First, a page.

Unity: An Accepting Home for LGBTQ Skaters



Although there are 500 skateparks across the United States, there aren’t many places where members of the LGBTQ community can feel comfortable skating. Luckily, that trend is starting to change.

The skateboarding culture has been known to sometimes be a hostile environment for women, members of the LGBTQ community, and anyone who wasn’t immediately accepted by the other skaters. Unity is a queer skateboard collective in California that prides itself on welcoming skaters of all kinds.

“Growing up, I skated with your typical skate crew,” said Victor Valdez, a 31-year-old skater. “That’s what skateboarding was, and kind of still is. It’s this super-open, diverse community that’s super-jock-ish. They have these really heteronormative standards, it’s almost like football.”

Another skater, Oakland’s Trevor Straub, enjoyed skateboarding at an early age, but spent a decade away from the sport as Straub focused on identity exploration and struggled with the negatives associated with skate culture.

“I lost all my friends,” said Straub, who is now 25 and identifies as gender nonconforming. “I didn’t skate for 10 years. I just quit — I didn’t own a skateboard, I didn’t look at skateboarding magazines. I hated it.”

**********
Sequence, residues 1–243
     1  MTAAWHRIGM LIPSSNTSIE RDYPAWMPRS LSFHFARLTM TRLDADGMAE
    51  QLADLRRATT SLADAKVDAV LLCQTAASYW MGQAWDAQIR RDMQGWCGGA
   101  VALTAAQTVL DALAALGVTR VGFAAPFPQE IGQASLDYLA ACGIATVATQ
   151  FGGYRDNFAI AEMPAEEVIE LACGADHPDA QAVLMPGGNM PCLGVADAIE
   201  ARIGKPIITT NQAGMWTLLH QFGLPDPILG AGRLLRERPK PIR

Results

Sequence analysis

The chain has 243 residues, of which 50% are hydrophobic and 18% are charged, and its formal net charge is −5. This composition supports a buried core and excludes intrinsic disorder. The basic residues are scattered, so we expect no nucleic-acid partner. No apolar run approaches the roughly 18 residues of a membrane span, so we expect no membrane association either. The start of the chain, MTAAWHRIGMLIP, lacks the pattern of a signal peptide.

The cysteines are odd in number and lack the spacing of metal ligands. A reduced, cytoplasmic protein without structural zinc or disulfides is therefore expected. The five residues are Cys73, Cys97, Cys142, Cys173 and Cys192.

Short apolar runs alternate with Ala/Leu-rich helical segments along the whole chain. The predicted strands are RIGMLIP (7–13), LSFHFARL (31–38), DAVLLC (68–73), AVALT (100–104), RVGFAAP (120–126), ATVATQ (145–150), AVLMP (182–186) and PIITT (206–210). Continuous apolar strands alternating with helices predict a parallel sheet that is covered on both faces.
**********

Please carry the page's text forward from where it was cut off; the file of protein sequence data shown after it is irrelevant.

Straub found that the typical skate scene to not be welcoming at all — until Unity started bringing together LGBTQ and gender-nonconforming riders in an effort to reclaim the sport.

Jeffrey Cheung, a 28-year-old artist from the East Bay, created the skate collective after reflecting on both the troubling current times and his early skating experiences.

“I wasn’t out in high school,” Cheung said. “When I was skateboarding, I heard homophobic slurs all the time… It’s not a very safe environment for a queer person to come out.”

Unity officially began on January 1, 2017, and now hosts a monthly skate gathering in Oakland that draws close to 50 riders each season.

“The next generation of skaters will be queer and better than ever,” added Cheung.

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